"After World War II, in 1947, when many of the values of Western civilization were imperiled, 36 scholars, mostly economists, with some historians and philosophers, were invited by Professor Friedrich von Hayek to meet at Mont Pelerin, near Montreux, Switzerland, to discuss the state and the possible fate of liberalism (in its classical sense) in thinking and practice."
Now the major powers had just defeated the Nazis. Capitalism had survived an onslaught of Fascism and while there was an assault going on from the Bolshevik countries (China and Russia) this statement has to be deconstructed. Bolshevism, it turns out was the straw enemy, but they were as much against "social democracy" as they were Bolshevism. And the Mt. Pelarin society seems have been aimed at coming up with an ideology to fight both. Their real target was the New Deal.
"The group described itself as the Mont Pelerin Society, after the place of the first meeting. It emphasised that it did not intend to create an orthodoxy, to form or align itself with any political party or parties, or to conduct propaganda. Its sole objective was to facilitate an exchange of ideas between like-minded scholars in the hope of strengthening the principles and practice of a free society and to study the workings, virtues, and defects of market-oriented economic systems."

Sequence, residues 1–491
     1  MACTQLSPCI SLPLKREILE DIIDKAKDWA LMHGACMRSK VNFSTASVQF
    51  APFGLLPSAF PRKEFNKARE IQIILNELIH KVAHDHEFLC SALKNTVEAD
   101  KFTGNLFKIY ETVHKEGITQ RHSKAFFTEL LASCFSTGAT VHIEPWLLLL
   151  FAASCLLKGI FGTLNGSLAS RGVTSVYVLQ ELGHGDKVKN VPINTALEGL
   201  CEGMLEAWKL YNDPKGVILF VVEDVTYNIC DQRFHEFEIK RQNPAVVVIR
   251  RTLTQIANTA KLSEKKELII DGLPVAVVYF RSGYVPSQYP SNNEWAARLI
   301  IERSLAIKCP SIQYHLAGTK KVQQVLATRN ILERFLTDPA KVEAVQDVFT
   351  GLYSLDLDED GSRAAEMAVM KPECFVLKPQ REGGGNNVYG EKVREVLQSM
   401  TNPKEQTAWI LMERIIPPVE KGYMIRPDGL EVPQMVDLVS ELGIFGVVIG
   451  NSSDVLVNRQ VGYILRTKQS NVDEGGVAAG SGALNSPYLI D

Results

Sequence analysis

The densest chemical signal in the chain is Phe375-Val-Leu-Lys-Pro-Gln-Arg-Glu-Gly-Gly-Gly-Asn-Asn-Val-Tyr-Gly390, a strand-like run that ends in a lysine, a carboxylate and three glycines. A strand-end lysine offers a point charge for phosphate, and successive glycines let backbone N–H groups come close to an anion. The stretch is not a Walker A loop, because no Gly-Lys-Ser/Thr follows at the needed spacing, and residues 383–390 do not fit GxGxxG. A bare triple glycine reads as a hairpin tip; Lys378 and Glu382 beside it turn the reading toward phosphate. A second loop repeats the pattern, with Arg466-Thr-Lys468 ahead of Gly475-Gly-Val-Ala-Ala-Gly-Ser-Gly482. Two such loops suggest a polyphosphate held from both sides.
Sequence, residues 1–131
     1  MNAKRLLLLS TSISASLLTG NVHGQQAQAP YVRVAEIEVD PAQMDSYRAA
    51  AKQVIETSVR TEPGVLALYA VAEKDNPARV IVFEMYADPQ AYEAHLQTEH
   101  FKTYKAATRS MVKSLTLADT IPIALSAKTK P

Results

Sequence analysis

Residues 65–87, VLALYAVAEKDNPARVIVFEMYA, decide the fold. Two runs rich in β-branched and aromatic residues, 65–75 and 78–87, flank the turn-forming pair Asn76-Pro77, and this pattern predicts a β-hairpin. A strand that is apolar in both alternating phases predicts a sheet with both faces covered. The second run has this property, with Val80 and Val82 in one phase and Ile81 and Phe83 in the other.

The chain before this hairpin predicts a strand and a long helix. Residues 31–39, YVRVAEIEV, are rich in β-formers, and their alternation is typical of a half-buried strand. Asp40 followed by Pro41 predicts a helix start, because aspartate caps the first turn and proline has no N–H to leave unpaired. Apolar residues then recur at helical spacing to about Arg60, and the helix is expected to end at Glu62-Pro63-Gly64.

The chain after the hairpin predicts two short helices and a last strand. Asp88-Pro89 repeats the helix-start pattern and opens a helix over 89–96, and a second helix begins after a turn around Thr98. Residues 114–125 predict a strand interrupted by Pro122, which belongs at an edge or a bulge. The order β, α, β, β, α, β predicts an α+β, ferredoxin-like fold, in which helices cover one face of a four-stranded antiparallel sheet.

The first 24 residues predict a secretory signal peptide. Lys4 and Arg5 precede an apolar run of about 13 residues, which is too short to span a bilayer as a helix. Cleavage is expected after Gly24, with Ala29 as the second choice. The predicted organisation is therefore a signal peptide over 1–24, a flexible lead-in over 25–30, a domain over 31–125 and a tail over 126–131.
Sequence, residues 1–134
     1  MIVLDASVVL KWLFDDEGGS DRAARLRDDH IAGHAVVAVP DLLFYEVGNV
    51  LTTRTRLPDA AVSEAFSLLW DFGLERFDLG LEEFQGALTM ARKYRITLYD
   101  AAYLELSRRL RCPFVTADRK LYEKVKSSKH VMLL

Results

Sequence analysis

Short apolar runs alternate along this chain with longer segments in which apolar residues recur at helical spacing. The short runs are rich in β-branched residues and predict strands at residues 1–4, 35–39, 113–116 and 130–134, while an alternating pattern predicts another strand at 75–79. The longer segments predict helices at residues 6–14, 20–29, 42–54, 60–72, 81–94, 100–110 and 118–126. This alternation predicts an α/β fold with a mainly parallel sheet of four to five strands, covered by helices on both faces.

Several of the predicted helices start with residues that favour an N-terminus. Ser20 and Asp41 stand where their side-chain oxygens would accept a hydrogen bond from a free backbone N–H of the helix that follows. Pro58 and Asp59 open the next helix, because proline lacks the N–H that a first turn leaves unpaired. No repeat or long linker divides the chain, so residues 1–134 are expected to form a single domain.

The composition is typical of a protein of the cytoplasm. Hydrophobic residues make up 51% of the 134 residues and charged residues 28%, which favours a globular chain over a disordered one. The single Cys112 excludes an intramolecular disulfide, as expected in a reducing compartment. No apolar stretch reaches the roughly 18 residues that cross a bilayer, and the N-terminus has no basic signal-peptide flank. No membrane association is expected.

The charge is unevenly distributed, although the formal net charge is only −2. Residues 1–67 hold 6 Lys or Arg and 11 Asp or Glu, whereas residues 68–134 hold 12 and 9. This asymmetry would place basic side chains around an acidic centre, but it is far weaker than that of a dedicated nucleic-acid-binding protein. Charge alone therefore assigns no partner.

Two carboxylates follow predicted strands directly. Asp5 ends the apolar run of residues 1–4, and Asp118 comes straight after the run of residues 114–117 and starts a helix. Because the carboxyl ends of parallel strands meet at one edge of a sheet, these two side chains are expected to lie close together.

So the Mt. Pelarin society was founded as an agency of the Anti-Communist movement. They've been quite open about it in the past. But they've also been an enemy of Republics having too many democratic attributes and it has the stamp of it's founder (Hayek).
"Members who include high government officials, Nobel prize recipients, journalists, economic and financial experts, and legal scholars from all over the world, come regularly together to present the most current analysis of ideas, trends and events."
And Milton Friedman was a founding member
Milton Friedman (in light coat and with hat, in the centre) with friends in an excursion at the first meeting of the Mont Pelerin Society in 1947.
Friedman, Mt. Pelarin and the Austrians
Now you wouldn't think of Milton Friedman as important in 1947. And the Austrians, almost all of them, hated some of his ideas, especially the notion that government can have any role in controlling economics other than staying out of the way of the Free Market or, sometimes, ending the Reserve Banking system. But Friedman gives his credit to the Mt. Pelarin Society in this 1995 interview: